16 May

Start of 5S in Printing – Key 1

The start of rolling out a LEAN program in Vanderbijl DTPthis week. Part of the project is implementing 5S’ s in the DTP section. The first photo shows the team starting to reorganise their work space. They have already cleared out clutter and demarcated their equipment, installed notice boards to manage their actions lists and started categorising their ink stock. Their latest 5S audit shows an improvement in their workspace of 45% after 2 days. Fantastic job gents…and we have only just started.


Second picture shows the start of the red tag process on the printing line.IMG_0213 The second photo shows the start of the RED TAG exercise on a printing line. Sipho shows how the operators have highlighted faults to be corrected by the maintenance team during their routine maintenance program. Next week is the start of Quick Changeover program where the teams will design their own process maps and best practice.

19 Sep

Chicken or the Egg

ToolsNo matter how good your equipment is, it can only be as good as the operator allows it to be. (picture) Our chicken and egg question today is…do you hire in skills and expertise or do you develop them in-house?

It is relatively easy to purchase and import new (and sometimes second hand) equipment knowing what optimal performance can be expected once installed. The problem arises in finding the correct knowledge and skills to operate the equipment at maximum efficiency. Recruiting operators with the specific skill sets and product knowledge required for your plant and equipment is nearly impossible. Often basic training is given and over time we see efficiencies that are below expected standards. Pressure is applied to improve production resulting in little or no planned or preventative maintenance because any downtime means lost production. Over time the production team become demotivated and the equipment deteriorates leading to more and more unplanned stoppages.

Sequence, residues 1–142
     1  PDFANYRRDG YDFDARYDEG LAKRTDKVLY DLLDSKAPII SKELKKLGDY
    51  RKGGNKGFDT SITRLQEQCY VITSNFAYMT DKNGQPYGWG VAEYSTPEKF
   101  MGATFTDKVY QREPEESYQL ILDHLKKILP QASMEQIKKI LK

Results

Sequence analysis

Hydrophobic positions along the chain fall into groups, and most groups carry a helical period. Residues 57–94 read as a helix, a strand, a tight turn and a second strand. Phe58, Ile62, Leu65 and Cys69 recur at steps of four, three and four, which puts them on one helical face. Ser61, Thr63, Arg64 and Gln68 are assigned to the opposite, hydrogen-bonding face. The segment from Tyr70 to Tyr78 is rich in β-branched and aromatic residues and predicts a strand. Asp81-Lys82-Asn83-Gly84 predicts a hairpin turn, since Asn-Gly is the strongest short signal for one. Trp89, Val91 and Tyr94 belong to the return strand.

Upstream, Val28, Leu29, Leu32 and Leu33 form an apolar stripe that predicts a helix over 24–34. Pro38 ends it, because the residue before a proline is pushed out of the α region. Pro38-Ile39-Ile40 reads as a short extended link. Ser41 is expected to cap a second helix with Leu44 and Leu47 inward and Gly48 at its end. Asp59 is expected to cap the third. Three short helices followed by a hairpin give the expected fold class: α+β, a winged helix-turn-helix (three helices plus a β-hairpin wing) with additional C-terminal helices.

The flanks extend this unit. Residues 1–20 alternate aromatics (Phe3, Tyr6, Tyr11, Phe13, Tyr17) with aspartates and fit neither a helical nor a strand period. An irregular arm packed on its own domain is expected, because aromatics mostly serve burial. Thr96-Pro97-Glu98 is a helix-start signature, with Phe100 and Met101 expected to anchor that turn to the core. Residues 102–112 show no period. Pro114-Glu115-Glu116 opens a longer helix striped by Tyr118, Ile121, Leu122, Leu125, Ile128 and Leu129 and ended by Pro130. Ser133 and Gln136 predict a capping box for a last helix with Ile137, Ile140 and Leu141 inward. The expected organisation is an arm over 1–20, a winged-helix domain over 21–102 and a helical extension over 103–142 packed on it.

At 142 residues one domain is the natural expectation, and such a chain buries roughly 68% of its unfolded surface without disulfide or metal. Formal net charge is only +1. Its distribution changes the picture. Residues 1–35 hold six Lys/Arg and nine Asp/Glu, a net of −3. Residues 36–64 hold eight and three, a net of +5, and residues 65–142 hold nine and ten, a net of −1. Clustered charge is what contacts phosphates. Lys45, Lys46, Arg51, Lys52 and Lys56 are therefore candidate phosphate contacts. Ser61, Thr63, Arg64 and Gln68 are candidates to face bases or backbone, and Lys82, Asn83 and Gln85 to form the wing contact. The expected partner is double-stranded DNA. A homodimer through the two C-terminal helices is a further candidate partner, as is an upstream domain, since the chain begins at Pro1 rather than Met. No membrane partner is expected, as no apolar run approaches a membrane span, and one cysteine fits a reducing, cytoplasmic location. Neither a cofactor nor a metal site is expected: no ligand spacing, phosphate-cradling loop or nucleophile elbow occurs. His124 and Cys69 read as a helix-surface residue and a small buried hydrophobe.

So how do we develop and foster this knowledge. Working on the premiss that “None of us is as smart as all of us” Over the years I have found that the knowledge and skills we need to be world class are generally on the shop floor. The problem is that it is scattered amongst all of the operators, technicians and management staff. The solution is find the people with these pockets of knowledge and skill sets and create an environment that will allow them to document and coach their expertise.

African story…a filling team used the ‘Back 2 Basics’ process to create a Best Operating Practice by putting all their knowledge and skills in one place. Each ‘expert’ drew up a One Point Lesson (OPL) for each bit of knowledge or skill they had. Sometimes a few would gather together to pool their resources. Once the OPL’s were developed every member of the team was trained and tested by their peers resulting in a high performance team with multi skilled members. After 3 months equipment performance had improved by 18% and unplanned stoppages reduced to zero.

Sustainability is driven by Continuous Improvement (Kaizen), which must become part of your culture. This means the establishment of small group activities to improve the efficiency of the manufacturing function by minimising inputs and maximising outputs through loss analysis. It takes some time…so persevere. The result will be that your equipment will become more reliable leading to operation and life cycle costs being reduced. Training and multi skilling should become an everyday routine and you will find that authority is replaced with leadership.

05 Sep

It’s not about earning more…it’s about losing less